Turkey: European Court decision gives hope for those arbitrarily detained
Following long-awaited landmark rulings today by the European Court of Human Rights which found that journalist Mehmet Altan and columnist Şahin Alpay’s rights to liberty and security, and freedom of expression, had been violated, Amnesty International’s Europe Director, Gauri van Gulik said:
“Today’s rulings are a resounding vindication for these two journalists and a damning indictment of Turkey’s justice system. That Mehmet Altan and Şahin Alpay were kept in jail on pre-trial detention for almost 20 months is not only unjust but also unlawful.
Today’s rulings are a resounding vindication for these two journalists and a damning indictment of Turkey’s justice system
“This ruling cements what was already common knowledge: that they – like more than one hundred other journalists in Turkey - were imprisoned simply for doing their important journalistic work.
The doors of Turkey’s prisons must now be flung open allowing journalists, activists and human rights defenders including Amnesty International’s chair, Taner Kılıç, to walk free
“Starting with Mehmet Altan, the doors of Turkey’s prisons must now be flung open allowing journalists, activists and human rights defenders including Amnesty International’s chair, Taner Kılıç, to walk free.”
On 16 March, a court in Istanbul ordered the conditional release of Şahin Alpay after the reasoning of the Constitutional Court ruling was presented to it, imposing a travel ban and house arrest. The judgment of the Constitutional Court in January, ordering Alpay’s release had initially been rejected by the Istanbul trial court.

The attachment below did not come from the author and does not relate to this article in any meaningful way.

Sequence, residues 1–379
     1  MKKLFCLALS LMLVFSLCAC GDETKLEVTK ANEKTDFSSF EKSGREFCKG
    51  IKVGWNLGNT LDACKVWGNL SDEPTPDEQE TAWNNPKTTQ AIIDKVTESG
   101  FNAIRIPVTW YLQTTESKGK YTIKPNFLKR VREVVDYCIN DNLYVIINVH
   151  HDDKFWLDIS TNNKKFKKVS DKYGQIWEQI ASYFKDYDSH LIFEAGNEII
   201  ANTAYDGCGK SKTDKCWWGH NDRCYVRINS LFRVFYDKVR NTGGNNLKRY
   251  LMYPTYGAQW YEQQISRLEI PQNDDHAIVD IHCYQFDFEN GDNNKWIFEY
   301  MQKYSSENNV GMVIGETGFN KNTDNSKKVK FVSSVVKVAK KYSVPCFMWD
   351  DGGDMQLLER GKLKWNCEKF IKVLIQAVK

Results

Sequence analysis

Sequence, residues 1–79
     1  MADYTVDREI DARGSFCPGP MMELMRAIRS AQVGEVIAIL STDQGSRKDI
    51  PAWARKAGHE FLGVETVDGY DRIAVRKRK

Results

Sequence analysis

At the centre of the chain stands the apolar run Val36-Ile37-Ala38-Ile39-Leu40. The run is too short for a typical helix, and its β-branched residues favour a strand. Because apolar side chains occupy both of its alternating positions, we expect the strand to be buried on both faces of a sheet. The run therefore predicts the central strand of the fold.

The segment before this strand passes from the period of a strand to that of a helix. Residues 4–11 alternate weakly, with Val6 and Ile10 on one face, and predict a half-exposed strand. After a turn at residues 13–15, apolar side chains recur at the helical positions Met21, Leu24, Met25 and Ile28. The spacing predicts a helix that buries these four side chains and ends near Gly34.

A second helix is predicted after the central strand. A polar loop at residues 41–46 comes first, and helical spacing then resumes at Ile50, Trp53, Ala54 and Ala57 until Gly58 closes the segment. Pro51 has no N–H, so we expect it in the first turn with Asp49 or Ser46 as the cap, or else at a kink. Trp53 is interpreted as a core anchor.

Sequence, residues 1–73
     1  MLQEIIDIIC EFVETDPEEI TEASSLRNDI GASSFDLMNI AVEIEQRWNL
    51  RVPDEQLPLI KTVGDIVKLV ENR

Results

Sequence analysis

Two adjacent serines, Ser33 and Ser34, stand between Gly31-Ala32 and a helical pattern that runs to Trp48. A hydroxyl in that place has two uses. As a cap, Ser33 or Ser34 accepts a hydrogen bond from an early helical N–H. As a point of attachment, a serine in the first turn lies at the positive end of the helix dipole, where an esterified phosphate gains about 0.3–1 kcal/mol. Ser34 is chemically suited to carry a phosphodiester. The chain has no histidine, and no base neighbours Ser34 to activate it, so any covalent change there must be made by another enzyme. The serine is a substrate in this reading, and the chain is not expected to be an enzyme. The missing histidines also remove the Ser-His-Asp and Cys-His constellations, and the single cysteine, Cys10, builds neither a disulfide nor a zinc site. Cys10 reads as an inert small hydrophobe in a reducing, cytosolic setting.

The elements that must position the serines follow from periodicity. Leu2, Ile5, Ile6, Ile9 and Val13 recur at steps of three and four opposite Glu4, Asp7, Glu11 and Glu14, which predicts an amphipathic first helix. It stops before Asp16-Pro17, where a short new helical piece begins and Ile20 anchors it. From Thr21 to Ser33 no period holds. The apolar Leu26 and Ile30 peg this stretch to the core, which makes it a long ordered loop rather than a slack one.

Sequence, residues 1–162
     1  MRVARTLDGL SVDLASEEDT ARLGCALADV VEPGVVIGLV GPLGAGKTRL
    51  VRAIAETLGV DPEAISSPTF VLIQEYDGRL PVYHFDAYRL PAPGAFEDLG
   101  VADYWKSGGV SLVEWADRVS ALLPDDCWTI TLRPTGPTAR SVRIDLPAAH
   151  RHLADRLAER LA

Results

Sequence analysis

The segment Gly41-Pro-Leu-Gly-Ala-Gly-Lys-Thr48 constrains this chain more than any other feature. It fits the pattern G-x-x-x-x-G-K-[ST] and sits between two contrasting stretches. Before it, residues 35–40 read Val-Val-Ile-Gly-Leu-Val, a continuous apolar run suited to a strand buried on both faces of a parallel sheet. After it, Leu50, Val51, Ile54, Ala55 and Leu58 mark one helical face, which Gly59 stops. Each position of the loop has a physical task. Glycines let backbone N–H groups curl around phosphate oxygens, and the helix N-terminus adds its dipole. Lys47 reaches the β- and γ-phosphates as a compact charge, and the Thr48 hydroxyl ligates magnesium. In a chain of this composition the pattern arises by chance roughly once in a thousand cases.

Last month, Mehmet Altan was convicted for ‘attempting to overthrow the constitutional order’, and sentenced to life imprisonment without parole, for nothing more than expressing his opinions.
The Constitutional Court ruled in January that Mehmet Altan’s rights to liberty and security and freedom of expression had been violated, ordering his release. An Istanbul trial court refused to implement the ruling, flouting the constitution, echoing the government’s criticism of the Constitutional Court’s judgment. The same court later convicted him to life imprisonment without parole on the basis of the same evidence which the Constitutional Court had considered insufficient to require his pre-trial detention.
Today’s European Court decisions are the first regarding the individuals detained in Turkey following the attempted coup in July 2016. Scores of journalists and other civil society figures in detention, including Amnesty Turkey chair, Taner Kılıç, are awaiting ECHR rulings in their cases, alleging that their arbitrary detention violates their rights to liberty and security and freedom of expression.
Amnesty International chair Taner Kılıç has been in prison detention since June 2017. He was released by the trial court on 31 January 2018, only for the same court to reverse its decision the next day. His trial for “membership of a terrorist organization” continues despite the lack of any credible evidence of his guilt.